May 22 is observed as International Day for Biological Diversity with this year’s (2024) theme, ‘Building a shared future for all life’. This theme advocates the harmony between mankind and nature to reduce biodiversity loss. One thing is certain: despite all our technological advances we are completely dependent on a healthy and vibrant ecosystem for our food, water, medicines, clothes, fuel, shelter and energy etc.

Biodiversity is the variety of all living beings on earth. It is the different plants, animals and micro-organisms, their genes, ecosystem and the biome of the entire planet. Biodiversity is a common good, an invaluable legacy formed over a course of millions of years and a capital to transmit to future generations.

Biodiversity is the foundation of life. It coins the economies like agriculture, forestry, fisheries and tourism, among others. By halting biodiversity loss, we are investing for pristineness in people, their future and well-being.

Biodiversity is the living fabric which underpins human wellbeing in the present and future and its rapid decline threatens nature and people alike. Biodiversity is like a large tank, from which humans can draw food, pharmaceutical products and even livelihood. Biodiversity is the insurance for lives on the Planet. Biodiversity is the measure of the health of eco- system. Preserving bio-diversity and human develop- ment must go hand-in-hand. Once there was only a choice between development and biodiversity but now we realize that we cannot separate these two worlds any longer.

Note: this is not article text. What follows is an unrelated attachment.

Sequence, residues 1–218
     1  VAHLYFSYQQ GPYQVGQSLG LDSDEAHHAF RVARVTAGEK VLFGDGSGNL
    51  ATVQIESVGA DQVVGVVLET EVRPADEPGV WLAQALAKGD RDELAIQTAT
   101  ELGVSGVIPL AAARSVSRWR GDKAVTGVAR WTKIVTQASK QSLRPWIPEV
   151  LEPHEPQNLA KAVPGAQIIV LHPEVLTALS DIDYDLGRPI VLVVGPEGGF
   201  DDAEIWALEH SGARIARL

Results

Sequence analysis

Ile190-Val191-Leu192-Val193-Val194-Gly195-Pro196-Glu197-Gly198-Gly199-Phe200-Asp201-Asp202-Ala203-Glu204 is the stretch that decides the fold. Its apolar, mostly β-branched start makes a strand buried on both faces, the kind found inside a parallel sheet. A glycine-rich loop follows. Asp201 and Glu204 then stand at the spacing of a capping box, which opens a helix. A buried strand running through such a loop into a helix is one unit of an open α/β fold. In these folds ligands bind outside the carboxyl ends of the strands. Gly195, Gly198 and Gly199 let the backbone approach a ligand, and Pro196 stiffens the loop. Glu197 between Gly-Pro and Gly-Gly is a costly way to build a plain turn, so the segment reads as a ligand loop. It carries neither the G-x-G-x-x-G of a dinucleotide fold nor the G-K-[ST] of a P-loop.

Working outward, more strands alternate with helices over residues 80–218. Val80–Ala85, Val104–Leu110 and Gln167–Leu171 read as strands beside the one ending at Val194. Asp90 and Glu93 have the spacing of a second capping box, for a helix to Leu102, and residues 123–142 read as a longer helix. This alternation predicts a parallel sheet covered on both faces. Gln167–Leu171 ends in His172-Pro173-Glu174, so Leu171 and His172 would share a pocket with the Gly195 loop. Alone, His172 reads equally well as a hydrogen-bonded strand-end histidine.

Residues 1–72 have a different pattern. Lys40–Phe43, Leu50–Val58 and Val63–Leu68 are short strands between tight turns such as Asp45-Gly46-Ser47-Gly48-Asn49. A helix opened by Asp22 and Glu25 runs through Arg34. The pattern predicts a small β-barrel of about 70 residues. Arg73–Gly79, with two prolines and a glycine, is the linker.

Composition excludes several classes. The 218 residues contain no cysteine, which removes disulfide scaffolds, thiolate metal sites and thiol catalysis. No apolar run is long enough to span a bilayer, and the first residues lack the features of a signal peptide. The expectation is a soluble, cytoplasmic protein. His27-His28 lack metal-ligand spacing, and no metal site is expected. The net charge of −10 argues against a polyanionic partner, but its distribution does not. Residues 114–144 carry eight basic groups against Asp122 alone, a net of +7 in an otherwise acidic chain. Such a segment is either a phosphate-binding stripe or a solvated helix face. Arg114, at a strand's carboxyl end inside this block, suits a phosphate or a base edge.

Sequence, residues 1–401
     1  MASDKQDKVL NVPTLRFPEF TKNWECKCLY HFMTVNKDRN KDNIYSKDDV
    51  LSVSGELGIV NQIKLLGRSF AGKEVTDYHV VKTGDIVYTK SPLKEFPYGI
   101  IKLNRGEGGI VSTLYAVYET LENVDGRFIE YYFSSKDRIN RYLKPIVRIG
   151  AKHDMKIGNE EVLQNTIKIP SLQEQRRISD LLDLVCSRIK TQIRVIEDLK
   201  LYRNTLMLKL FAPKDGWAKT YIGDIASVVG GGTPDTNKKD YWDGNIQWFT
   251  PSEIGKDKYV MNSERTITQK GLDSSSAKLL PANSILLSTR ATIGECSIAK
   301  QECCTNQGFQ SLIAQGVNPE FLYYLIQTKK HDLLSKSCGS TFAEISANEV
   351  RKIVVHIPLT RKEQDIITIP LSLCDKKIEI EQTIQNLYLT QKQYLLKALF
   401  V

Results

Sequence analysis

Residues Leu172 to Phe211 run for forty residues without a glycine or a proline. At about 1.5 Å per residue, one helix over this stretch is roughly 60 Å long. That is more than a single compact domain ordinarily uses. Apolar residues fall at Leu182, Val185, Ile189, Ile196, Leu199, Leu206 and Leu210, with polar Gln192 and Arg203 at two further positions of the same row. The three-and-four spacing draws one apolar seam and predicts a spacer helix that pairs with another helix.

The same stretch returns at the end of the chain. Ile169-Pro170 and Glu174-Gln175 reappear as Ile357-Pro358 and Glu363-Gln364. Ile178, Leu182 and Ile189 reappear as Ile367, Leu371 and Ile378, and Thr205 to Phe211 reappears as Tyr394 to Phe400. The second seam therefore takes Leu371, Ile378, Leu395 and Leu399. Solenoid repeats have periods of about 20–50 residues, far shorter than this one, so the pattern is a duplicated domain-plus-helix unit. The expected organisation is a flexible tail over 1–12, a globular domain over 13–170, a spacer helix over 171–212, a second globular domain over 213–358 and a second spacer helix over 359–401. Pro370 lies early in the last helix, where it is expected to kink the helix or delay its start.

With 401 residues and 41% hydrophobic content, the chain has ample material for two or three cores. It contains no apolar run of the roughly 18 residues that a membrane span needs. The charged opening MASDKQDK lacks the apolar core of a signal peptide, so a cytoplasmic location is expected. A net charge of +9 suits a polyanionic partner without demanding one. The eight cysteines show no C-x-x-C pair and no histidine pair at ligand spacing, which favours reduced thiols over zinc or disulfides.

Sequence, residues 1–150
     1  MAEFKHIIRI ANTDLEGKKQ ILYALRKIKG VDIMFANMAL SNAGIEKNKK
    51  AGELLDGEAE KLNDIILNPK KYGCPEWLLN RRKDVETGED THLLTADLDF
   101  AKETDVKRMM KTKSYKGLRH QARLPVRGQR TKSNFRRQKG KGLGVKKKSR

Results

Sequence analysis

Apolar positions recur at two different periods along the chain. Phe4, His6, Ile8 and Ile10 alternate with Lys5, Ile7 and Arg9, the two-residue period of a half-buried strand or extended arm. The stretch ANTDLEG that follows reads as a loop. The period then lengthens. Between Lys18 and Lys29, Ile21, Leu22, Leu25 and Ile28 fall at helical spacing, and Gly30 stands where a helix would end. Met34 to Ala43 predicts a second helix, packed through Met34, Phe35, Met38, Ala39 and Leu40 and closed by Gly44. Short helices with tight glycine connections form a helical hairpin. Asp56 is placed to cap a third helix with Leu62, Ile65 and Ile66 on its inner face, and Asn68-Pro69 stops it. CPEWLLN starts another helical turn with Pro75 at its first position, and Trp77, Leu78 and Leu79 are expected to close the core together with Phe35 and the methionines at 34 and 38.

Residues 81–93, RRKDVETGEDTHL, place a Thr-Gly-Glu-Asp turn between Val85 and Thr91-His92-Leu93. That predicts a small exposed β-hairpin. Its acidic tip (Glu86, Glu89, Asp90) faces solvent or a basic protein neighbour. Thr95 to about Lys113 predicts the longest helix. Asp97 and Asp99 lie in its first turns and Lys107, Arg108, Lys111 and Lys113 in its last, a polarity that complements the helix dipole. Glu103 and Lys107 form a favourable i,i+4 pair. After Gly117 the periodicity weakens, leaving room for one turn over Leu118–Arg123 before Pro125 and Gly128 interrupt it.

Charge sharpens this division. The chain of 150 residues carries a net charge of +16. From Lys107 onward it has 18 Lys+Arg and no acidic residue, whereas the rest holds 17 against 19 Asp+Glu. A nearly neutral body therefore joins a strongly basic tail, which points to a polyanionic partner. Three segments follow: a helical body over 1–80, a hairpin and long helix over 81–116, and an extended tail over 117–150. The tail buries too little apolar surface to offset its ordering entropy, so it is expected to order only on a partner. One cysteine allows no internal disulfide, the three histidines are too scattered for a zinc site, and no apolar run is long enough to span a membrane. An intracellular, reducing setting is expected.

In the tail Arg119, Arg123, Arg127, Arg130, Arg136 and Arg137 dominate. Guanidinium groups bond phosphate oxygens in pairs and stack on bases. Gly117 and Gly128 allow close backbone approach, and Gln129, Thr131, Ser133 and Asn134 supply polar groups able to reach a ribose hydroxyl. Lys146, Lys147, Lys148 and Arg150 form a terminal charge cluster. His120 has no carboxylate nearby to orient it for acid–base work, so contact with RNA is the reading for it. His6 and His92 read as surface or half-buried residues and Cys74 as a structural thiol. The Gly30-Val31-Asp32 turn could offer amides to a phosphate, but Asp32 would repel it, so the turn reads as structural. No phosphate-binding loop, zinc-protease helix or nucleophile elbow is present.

Biodiversity loss jeopardizes nature’s vital contributions to humanity, endangering economies, livelihoods, food security, cultural diversity and quality of life and constitutes a major threat to global peace and security.

Biological diversity resources are the pillars upon which we build our civilizations. Over 82% of the human diet is provided by plants. Fish provide 20% of animal protein to about 3 billion people. As many as 80% of people in developing countries rely on traditional plant based medicines for basic healthcare. But loss of biodiversity has given throes to living beings.

Biodiversity provides the building blocks for livelihood. The loss of genes and individuals threaten survival of species. In spite of the importance given to biodiversity conservation, genetic erosion continues globally. Twelve per cent of birds, 21% of mammals, 30% of amphibians, 27% of coral reefs and 35% of conifers and cycads face extinction. According to IUCN, over 47677 species may soon disappear.

Climate change, pollution, habitat loss, over- exploitation, invasive species and urbanization are the main drivers of biodiversity loss. Over 90% of bio-diversity loss is due to over exploitation and habitat loss thereby underlining the three Rs — reuse, reduce and recycle.

Forest has an important role in conservation of biodiversity. But global loss of forests is about the size of 3 football grounds per minute and 15 billion trees cut every year. A fully grown up tree can produce oxygen for 10 persons and can store 1 ton of CO2. Nearly 9% of all known tree species are already at risk of extinction. Woody tree species are enable to shift pole ward with changing climatic conditions. Hence, the conservation of forests is vital to protect biodiversity and mitigate climate change. On other hand, forests are again threatened by the impacts of climate change.